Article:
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Thursday, May 23, 2024

Community meeting, rezoning application, roadway improvements planned for up to 575 homes on South College

A third rezoning application is in the works for the 80-acre Tarin Woods II project. (Port City Daily photo / New Hanover County)

NEW HANOVER COUNTY — The developer of the Tarin Woods residential project on South College Road will submit a rezoning request for nearly 80 acres; it’s the third time rezoning for the project has been submitted in four years.

The second phase of the Tarin Woods includes 71.85 acres of land zoned R-15, a low-density area that would allow less than 200 units. Developer James Yopp said he plans to ask the county to rezone the property to R-5, a higher density area that would allow a maximum of 575 housing units. Yopp hopes the zoning allows him to build a ‘transitional’ development, with denser units 478 (made up of quadruplexes, triplexes, and duplexes) abutting commercially-zoned properties as well as 97 single-family lots.

Yopp has applied twice before for similar rezonings, including a request in October 2018 to rezone the area to R-7, which allow 145 single-family homes, 143 townhomes, and 192 apartments. The proposal was ultimately withdrawn because a Traffic Impact Analysis (TIA) was not yet complete. A year later, in November 2019, a second application was filed, this time for the denser R-5 zoning, which would allow just shy of 600 units.

The development would extend the original Tarin Woods project, which currently includes 130 single-family homes on about 52 acres. The development has also recorded 118 home sites on just over 49 acres of Tarin Woods II (single-family homes will be allowed regardless of whether it receives a new zoning.

Concerns, improvements

Both times, residents voiced concerns about overcrowded schools and traffic congestion. Yopp has pointed out in the past that while developers frequently make roadway and utility improvements as part of conditional rezonings they aren’t responsible for building or expanding schools.

Yopp said his development has already expanded the water system in the area, building a lift station and turning it over to CFPUA, which along with other improvements have helped provide better water pressure in neighboring residential developments.

Yopp also noted that he has been working with the North Carolina Department of Transportation and the Wilmington Urban Area Metropolitan Planning Organization (WMPO) to address traffic impact since November 2016.

“That’s when we started working through plans for traffic, meaning TIA, scoping, all that,” Yopp said. “We spend about two years working on traffic concerns before we even started and made our first rezoning application.”

During Yopp’s second attempt, the New Hanover County Planning Board disagreed with the development’s proposed traffic improvements; Yopp said his team was frustrated, since those improvements had come verbatim from NCDOT and WMPO, and because alternative improvements suggested were also shot down.

Yopp said after withdrawing his November 2019 application he went back to the NCDOT for new ideas on how to address traffic, which he said would be incorporated into his next application. Some of those suggestions included improved interconnectivity with neighboring developments, additional entrance to the development, deceleration lanes, and double turn lanes.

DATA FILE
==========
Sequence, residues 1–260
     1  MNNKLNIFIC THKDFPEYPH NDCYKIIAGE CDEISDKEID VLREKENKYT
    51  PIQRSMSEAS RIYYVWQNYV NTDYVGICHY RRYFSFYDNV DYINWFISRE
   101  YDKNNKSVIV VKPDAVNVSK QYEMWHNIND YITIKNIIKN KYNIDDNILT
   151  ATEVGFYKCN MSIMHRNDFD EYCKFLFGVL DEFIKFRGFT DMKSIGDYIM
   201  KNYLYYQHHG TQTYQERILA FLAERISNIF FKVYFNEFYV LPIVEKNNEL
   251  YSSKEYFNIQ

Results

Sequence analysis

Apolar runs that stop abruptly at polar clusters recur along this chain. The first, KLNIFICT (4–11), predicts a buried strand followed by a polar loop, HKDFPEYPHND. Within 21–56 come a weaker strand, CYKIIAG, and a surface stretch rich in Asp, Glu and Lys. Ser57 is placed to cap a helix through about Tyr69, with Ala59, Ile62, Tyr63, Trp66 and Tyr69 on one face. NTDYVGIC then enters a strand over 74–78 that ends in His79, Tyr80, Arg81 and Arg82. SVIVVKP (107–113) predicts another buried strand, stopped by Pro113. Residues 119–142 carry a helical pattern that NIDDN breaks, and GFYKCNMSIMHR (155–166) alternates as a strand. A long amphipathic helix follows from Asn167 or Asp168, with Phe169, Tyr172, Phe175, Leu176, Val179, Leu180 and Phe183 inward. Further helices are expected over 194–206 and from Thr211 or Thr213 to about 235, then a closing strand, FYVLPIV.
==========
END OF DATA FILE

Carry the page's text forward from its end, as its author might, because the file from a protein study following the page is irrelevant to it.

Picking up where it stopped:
Total density, ‘demand for diverse housing’

Yopp said he’s heard complaints and allegations that his previous pushes for density were strictly profit-motivated, but said he’s trying to address a demand for a diversity of products that both fit the county’s land use priorities and the type of housing for which residents are asking.

“For one, it doesn’t make sense to build single-family hopes that abuts on a zoo — on a lion’s cage — or a six-hundred unit storage facility, or a strip mall,” Yopp said. “That’s not practical. It’s not what the county’s comprehensive plan is looking for — and it’s not what all people are looking for. Not everyone is looking for a four- or five-bedroom home. You’ve got that first-time homebuyer, or someone who has retired.”

Yopp pointed to a dearth of housing products priced under $300,000 in the region, saying that condominium products could help meet that demand; he stressed that quadruplexes — the densest structure allowed under R-5 zoning — was a good compromise between the expense of single-family homes and the density of ‘multifamily’ structures (i.e. traditional apartment blocks).

If a rezoning to R-5 was approved, the end total size of the Tarin Woods development would be 173.11 acres with 823 housing units — an average of 4.75 units per acre.

Yopp also noted that the project contains 28.27 acres of open space (which is 3.5 acres more than New Hanover County land-use plans require).

Community meeting, next steps

There will be a community meeting for Tarin Woods II on at 6 p.m. on Thursday, January 30, at the Best Western Plus located at 5600 Carolina Beach Road, 6:00 p.m.  You can find the notice for the meeting, and information about contacting a representative for the project here.

No official application has been filed yet for the rezoning. Once it is filed, the county’s Planning Board will set a date for a public hearing, allowing residents to voice support, opposition, or concerns about the project. The Planning Board will issue a recommendation, but the New Hanover County Board of Commissioners will have the final vote to approve or deny a rezoning.

Send comments and tips to Benjamin Schachtman at, @pcdben on Twitter, and (910) 538-2001

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